Usually, whenever I had aches and pains, one or two treatments with my osteopath were enough. Not in this case. Even after seven or eight treatments, the problem persisted. My neck was so stiff that my osteopath could not "click" it. He had to use other techniques and the pain would just ease slightly, only to come back within hours.
Then came the coincidence... One afternoon, after I finished yet another unsuccessful osteopathic treatment, I met an old friend who told me he had an antique shop within the building (at Tanglin Shopping Centre). When I visited his shop, he introduced me to the tenant opposite - who happened to be an old friend of his and who does qigong therapy, a form of Chinese energy healing.
The few of us were chatting when I thought the qigong master might understand why I was feeling so tired and sleepy lately. “Your neck is congested and the energy is not reaching your head,” he answered.
Suddenly, it "clicked". What he said made perfect sense to me. My neck pain and my so-called "chronic fatigue syndrome" were both related. Immediately, I made an appointment to see him the next day.
The treatment lasted just over an hour, during which I slept like a pig most of the time. It consisted primarily of him placing his hands on various parts of my body. At times, he pressed certain points on my head, neck and shoulders. It was painful, but not unbearable (unlike some other forms of treatment I ever experienced, that was so painful my tears flowed!) (UPDATE: During one later treatment session, it was, indeed, painful to the point of tears!)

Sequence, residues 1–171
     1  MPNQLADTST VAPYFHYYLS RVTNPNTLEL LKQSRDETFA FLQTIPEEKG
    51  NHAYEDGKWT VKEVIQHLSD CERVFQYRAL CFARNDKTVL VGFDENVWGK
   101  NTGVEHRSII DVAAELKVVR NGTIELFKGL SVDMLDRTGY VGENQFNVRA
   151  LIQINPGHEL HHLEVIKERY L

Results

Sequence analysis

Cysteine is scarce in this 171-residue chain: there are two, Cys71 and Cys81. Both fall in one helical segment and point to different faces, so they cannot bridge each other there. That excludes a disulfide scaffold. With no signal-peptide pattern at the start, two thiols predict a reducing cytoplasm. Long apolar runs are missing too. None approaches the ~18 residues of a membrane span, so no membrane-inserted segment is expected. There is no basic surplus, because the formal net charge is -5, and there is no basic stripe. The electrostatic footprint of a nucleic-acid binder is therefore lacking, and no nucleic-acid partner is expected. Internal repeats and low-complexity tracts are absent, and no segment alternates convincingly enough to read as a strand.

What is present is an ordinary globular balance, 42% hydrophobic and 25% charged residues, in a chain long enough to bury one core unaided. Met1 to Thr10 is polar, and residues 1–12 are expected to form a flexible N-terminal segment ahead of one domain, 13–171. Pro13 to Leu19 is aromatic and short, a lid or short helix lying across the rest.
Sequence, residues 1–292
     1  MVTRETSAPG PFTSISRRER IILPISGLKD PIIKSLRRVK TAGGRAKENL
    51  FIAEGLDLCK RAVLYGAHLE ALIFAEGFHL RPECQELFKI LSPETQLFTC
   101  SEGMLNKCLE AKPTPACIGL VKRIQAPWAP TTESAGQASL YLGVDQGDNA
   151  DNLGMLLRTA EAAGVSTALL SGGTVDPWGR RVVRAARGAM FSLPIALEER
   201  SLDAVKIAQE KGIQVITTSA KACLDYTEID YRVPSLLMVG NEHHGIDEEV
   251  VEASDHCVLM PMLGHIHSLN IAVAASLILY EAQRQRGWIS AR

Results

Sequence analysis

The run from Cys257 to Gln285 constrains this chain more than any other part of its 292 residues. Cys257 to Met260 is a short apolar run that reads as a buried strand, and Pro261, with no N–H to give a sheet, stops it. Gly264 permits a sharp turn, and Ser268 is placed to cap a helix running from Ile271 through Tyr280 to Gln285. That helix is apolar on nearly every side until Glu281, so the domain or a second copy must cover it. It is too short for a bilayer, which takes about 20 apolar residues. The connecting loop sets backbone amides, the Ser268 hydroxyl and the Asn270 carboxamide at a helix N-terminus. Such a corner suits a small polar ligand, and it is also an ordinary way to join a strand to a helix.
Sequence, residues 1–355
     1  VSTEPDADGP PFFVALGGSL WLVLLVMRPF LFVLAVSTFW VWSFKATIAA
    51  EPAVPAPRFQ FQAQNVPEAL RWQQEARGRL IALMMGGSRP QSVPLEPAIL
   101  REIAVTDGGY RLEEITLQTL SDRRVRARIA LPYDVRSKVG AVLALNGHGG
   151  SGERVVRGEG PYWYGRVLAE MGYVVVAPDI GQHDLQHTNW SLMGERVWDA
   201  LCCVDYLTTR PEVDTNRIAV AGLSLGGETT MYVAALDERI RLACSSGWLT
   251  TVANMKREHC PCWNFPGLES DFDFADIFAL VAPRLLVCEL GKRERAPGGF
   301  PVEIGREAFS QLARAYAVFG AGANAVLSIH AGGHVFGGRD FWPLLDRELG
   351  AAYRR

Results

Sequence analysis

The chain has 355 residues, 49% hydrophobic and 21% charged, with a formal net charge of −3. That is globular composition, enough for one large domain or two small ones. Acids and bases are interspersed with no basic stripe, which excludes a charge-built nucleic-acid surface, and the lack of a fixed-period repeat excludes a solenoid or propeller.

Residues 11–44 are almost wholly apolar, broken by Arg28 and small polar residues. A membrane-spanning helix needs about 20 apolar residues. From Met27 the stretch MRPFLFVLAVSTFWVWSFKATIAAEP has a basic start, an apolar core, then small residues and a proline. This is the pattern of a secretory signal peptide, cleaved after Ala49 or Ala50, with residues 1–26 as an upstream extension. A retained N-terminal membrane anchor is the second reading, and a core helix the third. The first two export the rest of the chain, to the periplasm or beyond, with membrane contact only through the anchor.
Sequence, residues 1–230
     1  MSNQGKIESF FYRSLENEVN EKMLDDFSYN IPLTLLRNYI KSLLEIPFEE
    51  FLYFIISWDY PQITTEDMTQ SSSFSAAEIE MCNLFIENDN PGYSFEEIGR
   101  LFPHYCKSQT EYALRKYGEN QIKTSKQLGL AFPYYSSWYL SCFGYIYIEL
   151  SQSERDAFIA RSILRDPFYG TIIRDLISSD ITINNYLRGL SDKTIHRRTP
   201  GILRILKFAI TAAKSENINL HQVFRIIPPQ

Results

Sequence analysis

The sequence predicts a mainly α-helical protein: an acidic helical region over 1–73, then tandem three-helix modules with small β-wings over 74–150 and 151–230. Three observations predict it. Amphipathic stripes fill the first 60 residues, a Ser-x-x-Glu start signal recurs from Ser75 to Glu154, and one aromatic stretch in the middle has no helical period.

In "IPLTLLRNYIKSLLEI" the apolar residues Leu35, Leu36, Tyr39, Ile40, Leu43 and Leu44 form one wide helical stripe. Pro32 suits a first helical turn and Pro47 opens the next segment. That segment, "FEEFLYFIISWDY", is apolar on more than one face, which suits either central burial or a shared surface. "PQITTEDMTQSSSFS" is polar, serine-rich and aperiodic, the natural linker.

Immediately after treatment, I felt better. My neck felt looser although a bit of the ache was still there. More significantly, I felt myself sitting - and later standing - very straight and upright. And, I might mention, when I slept that night I felt horny. To me, this is yet another sign of good well-being.
The next day, for the first time in months, I did not take a long nap. I woke up at about 5.30 that morning and stayed awake throughtout most of the day, except for two very short naps each lasting no more than five minutes. It was a big change from before.
That was yesterday. Today, again I woke up early and I needed a nap halfway through this article. After all, 5.30 am is about two hours ahead of my usual waking up time. I know I am not fully recovered yet. I still have another treatment session on Monday. Perhaps I might need a few more.
(UPDATE: I modified the next few paragraphs from my original article because, as one reader rightly pointed out, all I had was chronic fatigue caused by my neck condition and not "chronic fatigue syndrome", which is a more serious condition that would have been far more difficult to treat.)
I am pretty sure that I - or rather, the qigong master - have identified the cause of my chornic fatigue. It is not one of the usual causes mentioned when you read articles on the subject of chronic fatigue or chronic fatigue syndrome. But the qigong master's explanation made sense (to me) and his treatment produced results. That's what counts.
Best of all, I had two problems fixed at one go - my chronic fatigue and my neck ache. Again this makes perfect sense. It ties in with the holistic health concept that every part of the body is inter-related. When you restore balance - on, in this case, restore energy flow - to one part, the other parts will also heal themselves, naturally.
Moral of this story
The moral of this story, I guess, is that with vague, difficult-to-diagnose and difficult-to-treat conditions like chronic fatigue and/or chronic fatigue syndrome, one should be open minded and explore various possibilities.
This is not to say that one should simply try anything, hopping from one therapist to another. But if the therapist appears to understand the problem, and what he or she says makes sense (to you), then give it a try.